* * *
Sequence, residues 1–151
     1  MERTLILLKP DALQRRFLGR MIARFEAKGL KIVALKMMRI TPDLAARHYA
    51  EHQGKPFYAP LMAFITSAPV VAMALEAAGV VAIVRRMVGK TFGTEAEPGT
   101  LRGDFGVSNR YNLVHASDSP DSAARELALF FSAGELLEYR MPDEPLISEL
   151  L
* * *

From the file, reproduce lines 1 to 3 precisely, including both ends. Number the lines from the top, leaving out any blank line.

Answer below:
Sequence, residues 1–151
     1  MERTLILLKP DALQRRFLGR MIARFEAKGL KIVALKMMRI TPDLAARHYA
    51  EHQGKPFYAP LMAFITSAPV VAMALEAAGV VAIVRRMVGK TFGTEAEPGT